VO: Give them names, and the characters come alive! I loved the different characters in this story, the struggles of a group of musicians, and how one of them made it in New Orleans. The ending is great. Bravo, Two-Flutes!

AW: There wasn’t too much humour in the stories this weekend with the exception of Mindsweeper. However I must give a special mention to Thet, from ‘Don’t Worry If It’s Not Good Enough’, who made it to New Orleans to play jazz under the nickname ‘Two Flutes’. That made me laugh.

And now: it is our pleasure to present to you our

FIRE&ICE WINNER

MARK A. KING!!!

for

The Mist of Myanmar

VO – The Mist of Myanmar–even the title is evocative and mysterious. It is a story from out of the mists of time. The voice is the spirit of this place–the people, their lives, the farms and the pagodas. Every word tells a story. There are so many stories in this story. And stories yet to come. Beautiful!

AW — I’m currently reading a book about the history of opium (‘Milk of Paradise’) so seeing it mentioned in ‘The Mist of Myanmar’ was nice. Even better for me it happened to be my favourite story. It is nice to see a non-preachy story nudge us to think of a country and its people in more than one way. East Asia is a beautiful place and it is not about what we first think of when you say Vietnam or Cambodia – or Myanmar. Countries are people and we’re the same over despite what the news and some histories try to tell us… my soul is my children.

Congratulations, Mark! Here’s your winning story:

THE MIST OF MYANMAR

“Burma”, you say? And you think of war, genocide, opium, and human rights.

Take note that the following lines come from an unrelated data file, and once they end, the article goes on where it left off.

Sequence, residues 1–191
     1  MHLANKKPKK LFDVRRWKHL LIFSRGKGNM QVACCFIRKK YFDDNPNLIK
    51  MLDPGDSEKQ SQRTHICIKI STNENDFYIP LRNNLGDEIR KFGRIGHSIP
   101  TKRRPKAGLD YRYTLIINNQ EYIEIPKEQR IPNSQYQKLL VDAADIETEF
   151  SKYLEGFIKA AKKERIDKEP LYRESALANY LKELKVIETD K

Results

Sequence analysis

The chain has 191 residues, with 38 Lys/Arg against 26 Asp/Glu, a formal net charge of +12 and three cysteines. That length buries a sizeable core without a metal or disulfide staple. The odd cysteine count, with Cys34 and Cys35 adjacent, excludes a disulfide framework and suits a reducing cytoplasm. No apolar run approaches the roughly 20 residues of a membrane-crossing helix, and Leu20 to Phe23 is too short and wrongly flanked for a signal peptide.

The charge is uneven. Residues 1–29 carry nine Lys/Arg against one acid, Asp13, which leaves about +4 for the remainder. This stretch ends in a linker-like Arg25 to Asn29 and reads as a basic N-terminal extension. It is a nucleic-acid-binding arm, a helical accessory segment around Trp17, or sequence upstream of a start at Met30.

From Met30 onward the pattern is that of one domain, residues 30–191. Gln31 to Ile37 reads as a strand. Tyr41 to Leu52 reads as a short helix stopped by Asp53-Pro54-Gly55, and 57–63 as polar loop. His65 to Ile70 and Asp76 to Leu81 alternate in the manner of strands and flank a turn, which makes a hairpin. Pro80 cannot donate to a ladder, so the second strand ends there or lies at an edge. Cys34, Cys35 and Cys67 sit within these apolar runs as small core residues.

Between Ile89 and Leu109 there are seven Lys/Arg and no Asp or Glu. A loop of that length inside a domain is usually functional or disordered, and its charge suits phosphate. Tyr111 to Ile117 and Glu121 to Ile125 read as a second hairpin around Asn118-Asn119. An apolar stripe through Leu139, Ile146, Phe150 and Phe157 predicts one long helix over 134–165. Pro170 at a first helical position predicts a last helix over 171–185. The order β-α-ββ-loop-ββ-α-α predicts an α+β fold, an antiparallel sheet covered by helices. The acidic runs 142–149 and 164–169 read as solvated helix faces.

I smile, for you do not know me. How can you?
My heart is the golden sunrise at Shwedagon Pagoda.
My voice the melodic roadworkers of Bagan.
My skin the verdant furrows of Kyaing Tong.
My eyes the crystal waters of the Mergui Archipelago.
If I am a story, then my birth is forgotten, my life misunderstood, my ending yet to come.
My soul, well, this is my children, born in the swirling mists of Myanmar.

Flash! Future: Genre & Archetypes

HAPPY FLASH! FUTURE follow-up, dear ones! While marveling last Sunday over Silvia Moreno-Garcia‘s ability to “genre-molt”, I was reminded of a lecture series the fire dragon introduced me to a couple years ago: Brandon Sanderson‘s BYU creative writing course on Science Fiction & Fantasy (the 2016 course, I believe; a former student of his has outlined each of those class days here). One of Fantasy’s most prolific writers, Sanderson is also a born-teacher, and perhaps no online resource has been more helpful for me in thinking about how to construct a genre-bound story than his 2016 and 2020 courses. 

The video below is part two of his section on Plot where he details how he uses plot archetypes (think: The Heist, The Hero’s Journey, The Master-Apprentice plot) to achieve a certain style in the story and produce a certain emotion in the reader. It’s worth staying through the end as he illustrates his particular outline method as a plotter before wrapping up. Whether you’re thinking of story in the context of major genres or breaking it down further into archetypes within those genres, the secret seems to be studying what works well, and learning how to incorporate those elements into a story that’s uniquely yours.      


Brandon Sanderson